Ableism in the Gaming World.

Monday 12 February 2018

I've done a lot of reading into gaming guidelines and disability this year and have come across a vast variety of sites that make and provide gaming software and accessories to make gaming more accessible for those with disabilities, when I used to write for Liability Magazine I did a piece on this but I wanted to address it on my blog as I have seen a lot of people moaning about people using a keyboard or a controller when they game and I'm sick of it. People have their own preferences and there is no need to shit on others for what they prefer and maybe take those who aren't able to game due to their disability and lack of accessibility into consideration. There are game accessibility guidelines games need to follow and even though they are accessible to an extent getting hold of controllers that can make gaming furthermore accessible can be expensive and require funding.

Just because it doesn't affect you doesn't mean you shouldn't care, this past year I have learnt a lot whilst looking into accessibility in gaming and I have come across a lot of ignorance in terms of adaptions for people to be able to play games,  I have terrible issues with my hands at times, they shake and have pins and needles, it makes it very difficult for me to use a controller because of this so I wait until the shaking and pins and needles stop so that I can play. Now imagine not being able to hold a controller properly at all because you can't reach or touch the buttons or even hold a controller, that is the reality for gamers who want to play games but don't have access to the right tools in order to play a game.

My friend Alice pointed me in the direction of a video with a little boy named Finlay who the BA helped with being able to play FIFA, something he has always wanted to do but couldn't due to not being able to hold a gaming controller. His mum wrote to BA to explain this and what they did for him was incredible. As well as some other treats, they took Finlay to see the SpecialEffects team in London and let him try out an adapted gaming controller to see which kind of controller would be best for his needs and made him one, no this isn't a story about inspiration, this is a story about a little boy who just wants to play a video game with his friends but once again is unable to due to a gaming controller not meeting his needs. I've said it before, it can be very expensive to be able to get an adapted controller but it's not impossible, the gaming industry has a window wide open to help develop accessible controllers like the one Finlay has been using but haven't.

Technology is vastly and quickly developing but disabled gamers are relying on charities to develop accessible gaming equipment rather than the gaming world embracing it, having these charities are life-changing for disabled gamers and without them, a lot of people would go without experiencing what abled players experience. The team at SpecialEffect do such a fantastic job and rely on donations and don't charge to help those who need help, but there are other places that charge to make a customised accessible gaming controller such as One Switch who are on the more affordable side of accessible gaming accessories.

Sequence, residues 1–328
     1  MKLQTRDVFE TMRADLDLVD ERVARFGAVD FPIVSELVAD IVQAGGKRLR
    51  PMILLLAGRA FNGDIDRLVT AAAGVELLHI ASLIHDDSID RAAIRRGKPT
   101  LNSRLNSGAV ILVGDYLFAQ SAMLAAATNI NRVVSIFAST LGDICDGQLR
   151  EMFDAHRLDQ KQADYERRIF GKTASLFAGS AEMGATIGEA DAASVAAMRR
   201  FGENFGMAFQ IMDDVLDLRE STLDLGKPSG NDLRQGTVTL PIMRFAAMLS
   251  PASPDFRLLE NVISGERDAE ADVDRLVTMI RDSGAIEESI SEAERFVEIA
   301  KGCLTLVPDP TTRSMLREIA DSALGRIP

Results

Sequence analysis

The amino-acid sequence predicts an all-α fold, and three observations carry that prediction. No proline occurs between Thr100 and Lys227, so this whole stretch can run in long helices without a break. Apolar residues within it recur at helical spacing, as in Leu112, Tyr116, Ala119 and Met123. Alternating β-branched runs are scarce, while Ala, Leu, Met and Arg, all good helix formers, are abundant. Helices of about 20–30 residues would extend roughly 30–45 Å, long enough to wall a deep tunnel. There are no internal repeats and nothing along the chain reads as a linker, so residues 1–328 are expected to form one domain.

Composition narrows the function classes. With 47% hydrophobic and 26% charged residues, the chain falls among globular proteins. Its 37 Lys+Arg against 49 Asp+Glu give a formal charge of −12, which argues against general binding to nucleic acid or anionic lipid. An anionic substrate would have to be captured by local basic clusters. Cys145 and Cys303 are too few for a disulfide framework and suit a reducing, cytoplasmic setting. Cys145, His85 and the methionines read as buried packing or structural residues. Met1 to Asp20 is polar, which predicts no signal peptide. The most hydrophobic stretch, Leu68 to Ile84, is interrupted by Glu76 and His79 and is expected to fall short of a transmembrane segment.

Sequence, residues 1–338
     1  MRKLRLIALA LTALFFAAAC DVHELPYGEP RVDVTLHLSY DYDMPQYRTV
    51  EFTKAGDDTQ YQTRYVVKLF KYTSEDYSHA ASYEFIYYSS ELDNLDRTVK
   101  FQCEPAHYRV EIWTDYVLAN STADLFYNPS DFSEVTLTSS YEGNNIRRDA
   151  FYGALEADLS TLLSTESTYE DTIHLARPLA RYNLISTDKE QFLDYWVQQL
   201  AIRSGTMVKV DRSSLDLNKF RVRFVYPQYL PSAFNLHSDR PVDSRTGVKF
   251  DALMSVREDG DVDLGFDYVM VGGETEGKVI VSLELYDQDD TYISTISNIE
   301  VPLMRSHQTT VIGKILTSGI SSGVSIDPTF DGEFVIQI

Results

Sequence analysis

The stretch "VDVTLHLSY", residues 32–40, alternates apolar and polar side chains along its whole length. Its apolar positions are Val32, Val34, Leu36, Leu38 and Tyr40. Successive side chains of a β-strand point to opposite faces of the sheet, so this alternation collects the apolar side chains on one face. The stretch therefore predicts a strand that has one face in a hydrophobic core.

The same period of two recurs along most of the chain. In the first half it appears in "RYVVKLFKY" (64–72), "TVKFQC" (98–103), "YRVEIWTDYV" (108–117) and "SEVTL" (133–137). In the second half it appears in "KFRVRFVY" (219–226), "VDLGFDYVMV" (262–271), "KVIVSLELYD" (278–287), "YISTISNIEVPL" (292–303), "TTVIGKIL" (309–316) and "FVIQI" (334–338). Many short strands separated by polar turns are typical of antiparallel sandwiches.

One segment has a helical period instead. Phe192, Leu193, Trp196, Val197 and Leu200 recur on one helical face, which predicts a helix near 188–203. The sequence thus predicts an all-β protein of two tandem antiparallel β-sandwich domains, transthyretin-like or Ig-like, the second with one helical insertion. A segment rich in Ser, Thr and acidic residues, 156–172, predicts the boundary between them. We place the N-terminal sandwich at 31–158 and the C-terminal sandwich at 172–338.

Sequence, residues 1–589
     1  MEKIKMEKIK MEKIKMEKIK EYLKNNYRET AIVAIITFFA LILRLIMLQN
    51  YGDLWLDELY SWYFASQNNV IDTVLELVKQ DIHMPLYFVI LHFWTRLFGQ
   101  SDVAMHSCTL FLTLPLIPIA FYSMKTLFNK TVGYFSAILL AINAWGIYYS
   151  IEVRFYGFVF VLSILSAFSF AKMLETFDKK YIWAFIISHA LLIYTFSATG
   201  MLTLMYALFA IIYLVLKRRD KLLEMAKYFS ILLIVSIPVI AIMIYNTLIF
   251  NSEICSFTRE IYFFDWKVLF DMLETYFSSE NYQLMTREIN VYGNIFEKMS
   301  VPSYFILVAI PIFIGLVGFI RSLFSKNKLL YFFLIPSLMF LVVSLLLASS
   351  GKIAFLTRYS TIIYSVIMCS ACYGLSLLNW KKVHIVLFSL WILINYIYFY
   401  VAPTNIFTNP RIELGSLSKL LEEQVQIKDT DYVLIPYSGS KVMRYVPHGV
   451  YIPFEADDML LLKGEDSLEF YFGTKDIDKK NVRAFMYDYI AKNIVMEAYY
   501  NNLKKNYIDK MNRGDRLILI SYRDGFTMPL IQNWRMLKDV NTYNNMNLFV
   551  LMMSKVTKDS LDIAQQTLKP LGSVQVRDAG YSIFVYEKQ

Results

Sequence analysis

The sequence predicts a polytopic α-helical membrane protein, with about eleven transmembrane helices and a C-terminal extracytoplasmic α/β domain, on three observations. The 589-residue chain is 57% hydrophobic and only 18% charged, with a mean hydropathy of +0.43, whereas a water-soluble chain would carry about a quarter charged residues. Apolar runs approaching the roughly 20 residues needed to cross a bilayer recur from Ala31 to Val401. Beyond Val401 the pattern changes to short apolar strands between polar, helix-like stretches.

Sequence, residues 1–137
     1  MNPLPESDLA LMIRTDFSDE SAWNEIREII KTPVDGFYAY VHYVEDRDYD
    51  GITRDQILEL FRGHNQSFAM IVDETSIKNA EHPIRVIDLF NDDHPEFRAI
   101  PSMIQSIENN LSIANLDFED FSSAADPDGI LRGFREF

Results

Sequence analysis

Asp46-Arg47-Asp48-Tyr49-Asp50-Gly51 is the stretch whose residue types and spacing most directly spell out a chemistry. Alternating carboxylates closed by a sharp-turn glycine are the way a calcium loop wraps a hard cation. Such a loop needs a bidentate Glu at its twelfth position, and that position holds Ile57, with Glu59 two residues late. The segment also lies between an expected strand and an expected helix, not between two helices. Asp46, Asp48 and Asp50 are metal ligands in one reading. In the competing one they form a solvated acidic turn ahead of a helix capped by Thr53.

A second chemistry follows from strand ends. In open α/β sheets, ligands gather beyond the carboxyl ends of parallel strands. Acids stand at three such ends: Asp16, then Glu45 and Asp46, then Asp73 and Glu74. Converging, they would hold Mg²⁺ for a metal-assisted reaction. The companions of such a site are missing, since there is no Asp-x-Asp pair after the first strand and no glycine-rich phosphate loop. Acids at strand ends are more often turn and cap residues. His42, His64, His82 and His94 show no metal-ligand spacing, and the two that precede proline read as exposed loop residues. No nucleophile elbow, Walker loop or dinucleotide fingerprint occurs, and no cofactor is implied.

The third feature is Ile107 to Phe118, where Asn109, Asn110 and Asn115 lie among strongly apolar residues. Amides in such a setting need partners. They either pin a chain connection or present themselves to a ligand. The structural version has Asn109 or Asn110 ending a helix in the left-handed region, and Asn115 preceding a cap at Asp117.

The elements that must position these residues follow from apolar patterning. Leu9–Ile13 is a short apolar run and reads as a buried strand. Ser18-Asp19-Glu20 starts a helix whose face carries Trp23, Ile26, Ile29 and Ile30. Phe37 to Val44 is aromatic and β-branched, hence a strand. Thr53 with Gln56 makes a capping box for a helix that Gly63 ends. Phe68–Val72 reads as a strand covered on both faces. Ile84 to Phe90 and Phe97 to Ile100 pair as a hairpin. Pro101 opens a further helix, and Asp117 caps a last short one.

One of the adapted controllers SpecialEffect provide. *Image from SpecialEffect*

Accessibility in gaming needs to be taken more seriously, I was so disappointed to read a review about the Nintendo Switch not being accessible enough for disabled gamers to use to their full potential and how small the joy-cons are for them to be able to hold and use. On top of this, a discussion on Twitter took place not too long ago about games having an easy mode due to the announcement that Dark Souls has been remastered. There were a mixture of both abled and disabled people both saying an easy mode isn't needed because I don't need a mode in order to make it easier for me to gaming, they don't seem to acknowledge that there are people who are both abled and disabled who will need to use an easy mode in order to help the game and having one is a form of making a game a little more accessible for people. But alas one person said that when a game doesn't have an easy mode it that means it's an achievement and you're completing a game that didn't give you an option of easy mode. Personally, this is selfish to say because the person in question is telling a disabled gamer they are wrong about needing an easy mode and that it IS ableism.

More recently the game Dragon Ball FighterZ was released, the beta for the game had a lot of issues but since the initial realise of the game I have heard a lot of praise such as the fact that it is very accessible to disabled gamers, by this I mean you're able to attach a joystick to the console and use that to game with rather than a gaming controller, as well as being able to press a few simple buttons. This is a welcomed adaption in the gaming world as it shows how thought out the game was as a whole and shows they took their disabled audience into consideration. I would love to see more developers follow suit but I also understand not all games will be able to be so simple to change and make accessible but by making an easy mode for a game and making a game or console compatible with an adapted controller will make a world of difference. Next time you see a game that has an easy mode maybe take it into consideration that whilst you may not use it, other people who find gaming harder than you will, ableism in all aspects of life needs to stop and it's clear the gaming world can be very ableist. 


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